It might seem ambitious, but passenger airlines could be using electric aircraft for short trips within two years, an aviation expert has said.
It comes as Rex Airlines announces plans to trial the emerging technology by 2024 on selected regional routes.
- Aviation experts say airlines could start using electric aircraft on some flights within two years
- There are a number of aircraft operators already trialling the technology
- Public perceptions around safety is a hurdle that airlines need to overcome
“The technology is working. It’s been proven in trial flight, and we can do a lot in two years,” Aviation Projects managing director Keith Tonkin said.
It is not just Rex making the switch to electric.
Across Australia there are several other airlines and aircraft manufacturers working towards a similar goal using a number of different aircraft.
“There’s some companies in Australia that are really heavily involved in the battery charging systems and infrastructure elements of the technology,” Mr Tonkin said.
Driven by environmental concerns
Like many other recent technological innovations, the current push towards electric is being driven by environmental concerns.
“There’s a worldwide effort towards reducing carbon emissions from all aircraft operations, which contributes about 2 per cent of the world’s carbon pollution,” Mr Tonkin said.
But there are hurdles to overcome before reaching that future. Foremost is passenger perceptions around safety.
“There’s definitely a stakeholder engagement perspective to it,” Mr Tonkin said.
“I think it’s just a matter of educating people about the benefits of the new system … and then once we get started, it’ll be okay.”
Rex Airlines plans to retrofit existing aircraft in its fleet and switch fuel cells for batteries.
But Mr Tonkin said ideally a new aircraft would be specifically designed and built around the new propulsion system.
“It’s the same as retrofitting a car with a battery electric engine. It’s not ideal,” he said.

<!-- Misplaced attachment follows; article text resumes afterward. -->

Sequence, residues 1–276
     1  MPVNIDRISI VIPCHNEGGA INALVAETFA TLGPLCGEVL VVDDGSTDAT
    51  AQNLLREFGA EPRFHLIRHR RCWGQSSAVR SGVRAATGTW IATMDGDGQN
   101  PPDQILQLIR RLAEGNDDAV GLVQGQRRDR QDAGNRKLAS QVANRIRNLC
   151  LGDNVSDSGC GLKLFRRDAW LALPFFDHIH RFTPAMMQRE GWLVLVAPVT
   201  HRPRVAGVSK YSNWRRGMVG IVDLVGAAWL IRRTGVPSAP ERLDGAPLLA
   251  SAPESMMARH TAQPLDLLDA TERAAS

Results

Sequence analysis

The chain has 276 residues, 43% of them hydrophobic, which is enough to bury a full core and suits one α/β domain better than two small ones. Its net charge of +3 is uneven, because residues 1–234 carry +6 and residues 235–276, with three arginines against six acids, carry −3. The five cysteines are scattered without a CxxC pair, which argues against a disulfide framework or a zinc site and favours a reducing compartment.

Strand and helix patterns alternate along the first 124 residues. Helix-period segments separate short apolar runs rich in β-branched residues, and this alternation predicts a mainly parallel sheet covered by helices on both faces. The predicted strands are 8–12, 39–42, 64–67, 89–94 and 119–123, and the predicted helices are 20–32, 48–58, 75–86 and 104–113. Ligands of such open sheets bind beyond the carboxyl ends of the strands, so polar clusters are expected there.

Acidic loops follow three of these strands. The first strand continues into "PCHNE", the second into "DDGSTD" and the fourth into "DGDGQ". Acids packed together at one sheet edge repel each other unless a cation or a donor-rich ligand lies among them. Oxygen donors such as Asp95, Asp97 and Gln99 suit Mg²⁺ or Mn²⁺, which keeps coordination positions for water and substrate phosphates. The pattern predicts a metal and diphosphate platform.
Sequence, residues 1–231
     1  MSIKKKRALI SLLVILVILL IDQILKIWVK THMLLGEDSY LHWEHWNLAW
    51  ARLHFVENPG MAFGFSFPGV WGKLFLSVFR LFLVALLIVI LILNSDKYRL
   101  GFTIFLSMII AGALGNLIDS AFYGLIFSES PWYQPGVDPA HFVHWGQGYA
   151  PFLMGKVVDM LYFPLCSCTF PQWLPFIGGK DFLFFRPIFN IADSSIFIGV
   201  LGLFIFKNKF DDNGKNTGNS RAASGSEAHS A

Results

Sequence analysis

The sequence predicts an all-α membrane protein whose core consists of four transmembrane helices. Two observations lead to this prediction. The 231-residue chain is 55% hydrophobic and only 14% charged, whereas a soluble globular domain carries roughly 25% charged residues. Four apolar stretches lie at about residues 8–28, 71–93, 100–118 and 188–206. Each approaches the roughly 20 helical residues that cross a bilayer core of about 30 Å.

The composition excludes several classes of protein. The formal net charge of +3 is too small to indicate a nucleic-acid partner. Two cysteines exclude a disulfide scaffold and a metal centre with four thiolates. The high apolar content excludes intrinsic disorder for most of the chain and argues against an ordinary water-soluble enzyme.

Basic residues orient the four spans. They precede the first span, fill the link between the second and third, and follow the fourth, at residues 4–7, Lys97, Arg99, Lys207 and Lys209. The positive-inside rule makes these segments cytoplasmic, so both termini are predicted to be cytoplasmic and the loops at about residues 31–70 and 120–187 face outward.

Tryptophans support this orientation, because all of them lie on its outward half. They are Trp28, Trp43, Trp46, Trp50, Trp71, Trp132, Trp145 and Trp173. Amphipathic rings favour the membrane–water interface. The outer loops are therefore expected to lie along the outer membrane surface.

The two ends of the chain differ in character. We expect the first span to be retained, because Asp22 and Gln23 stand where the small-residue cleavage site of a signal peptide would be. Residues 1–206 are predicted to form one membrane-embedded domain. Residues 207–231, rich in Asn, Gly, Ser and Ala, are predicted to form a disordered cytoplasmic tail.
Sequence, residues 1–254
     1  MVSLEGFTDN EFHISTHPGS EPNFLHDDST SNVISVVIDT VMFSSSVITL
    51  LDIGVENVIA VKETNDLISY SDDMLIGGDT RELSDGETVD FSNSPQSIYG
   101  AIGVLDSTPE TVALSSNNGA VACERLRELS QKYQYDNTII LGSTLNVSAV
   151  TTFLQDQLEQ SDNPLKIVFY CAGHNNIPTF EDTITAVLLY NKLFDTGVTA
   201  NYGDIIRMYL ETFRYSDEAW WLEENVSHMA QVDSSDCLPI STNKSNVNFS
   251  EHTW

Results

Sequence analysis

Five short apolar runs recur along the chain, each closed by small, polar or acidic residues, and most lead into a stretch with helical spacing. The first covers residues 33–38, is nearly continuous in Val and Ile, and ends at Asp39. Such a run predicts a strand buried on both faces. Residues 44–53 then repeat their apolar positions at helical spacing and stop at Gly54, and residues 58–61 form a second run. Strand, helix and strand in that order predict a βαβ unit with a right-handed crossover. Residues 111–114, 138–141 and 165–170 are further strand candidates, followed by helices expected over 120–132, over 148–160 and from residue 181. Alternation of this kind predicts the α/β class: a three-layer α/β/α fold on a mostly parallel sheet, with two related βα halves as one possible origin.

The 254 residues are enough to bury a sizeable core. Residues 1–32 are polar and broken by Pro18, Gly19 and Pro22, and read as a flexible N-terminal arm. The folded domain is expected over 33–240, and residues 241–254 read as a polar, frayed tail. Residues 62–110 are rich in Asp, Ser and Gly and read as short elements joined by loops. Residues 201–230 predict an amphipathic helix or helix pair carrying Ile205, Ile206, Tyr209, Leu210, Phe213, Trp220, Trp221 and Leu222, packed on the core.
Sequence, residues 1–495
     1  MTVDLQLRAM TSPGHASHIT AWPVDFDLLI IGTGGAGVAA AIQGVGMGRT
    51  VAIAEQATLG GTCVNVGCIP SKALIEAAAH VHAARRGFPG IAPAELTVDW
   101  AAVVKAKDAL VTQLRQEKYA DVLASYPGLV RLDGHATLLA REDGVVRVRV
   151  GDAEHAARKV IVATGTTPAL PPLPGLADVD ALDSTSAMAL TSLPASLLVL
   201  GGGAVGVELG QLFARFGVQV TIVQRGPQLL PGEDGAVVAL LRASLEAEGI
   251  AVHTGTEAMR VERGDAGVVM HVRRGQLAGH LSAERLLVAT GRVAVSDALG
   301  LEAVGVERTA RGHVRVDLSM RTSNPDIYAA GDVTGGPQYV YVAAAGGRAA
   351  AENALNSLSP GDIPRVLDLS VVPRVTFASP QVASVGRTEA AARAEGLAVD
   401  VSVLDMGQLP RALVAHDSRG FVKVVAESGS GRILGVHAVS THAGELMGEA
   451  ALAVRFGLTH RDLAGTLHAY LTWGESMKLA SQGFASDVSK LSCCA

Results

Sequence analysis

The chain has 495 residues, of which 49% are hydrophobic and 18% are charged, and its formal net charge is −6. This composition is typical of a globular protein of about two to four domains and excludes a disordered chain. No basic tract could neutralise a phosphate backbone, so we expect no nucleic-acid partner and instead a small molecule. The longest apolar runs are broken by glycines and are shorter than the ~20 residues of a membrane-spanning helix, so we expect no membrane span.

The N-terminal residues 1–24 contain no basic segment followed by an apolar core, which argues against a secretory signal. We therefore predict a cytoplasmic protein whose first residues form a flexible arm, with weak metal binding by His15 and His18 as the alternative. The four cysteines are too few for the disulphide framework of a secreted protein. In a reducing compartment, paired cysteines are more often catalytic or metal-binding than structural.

Battery weight to hurdle
Center for Aviation chairman emeritus Peter Harbison said battery weight was a major issue.
“The problem with electric operations in aircraft is that they basically rely on batteries, and batteries are heavy,” he said.
“If you wanted to fuel an A380 for a long-haul flight, you need a battery that weighed something like 500 tonnes, which is more than the weight of the aircraft itself at the moment.
“But on smaller, shorter sectors, it is going to be possible quite soon… within the next two to five years, to have aircraft that can operate short haul on electric power.”
Safety regulations must be met
Mr Harbison said the technology would also allow other companies to operate flights using smaller plans and transport up to half a dozen passengers.
He believed heavy safety regulations in aviation would allay passengers’ fears about electric technology being used in the air.
“You can be absolutely assured that nothing is going to be flying people around that has not been vetted incredibly thoroughly,” Mr Harbison said.
“And of course, we’re not alone in this in the world. There are lots and lots — some very, very big — companies working on this at the moment because they recognize that this is the future.”
“I’ll be flying in an electric aircraft by the end of this decade, that’s for sure.”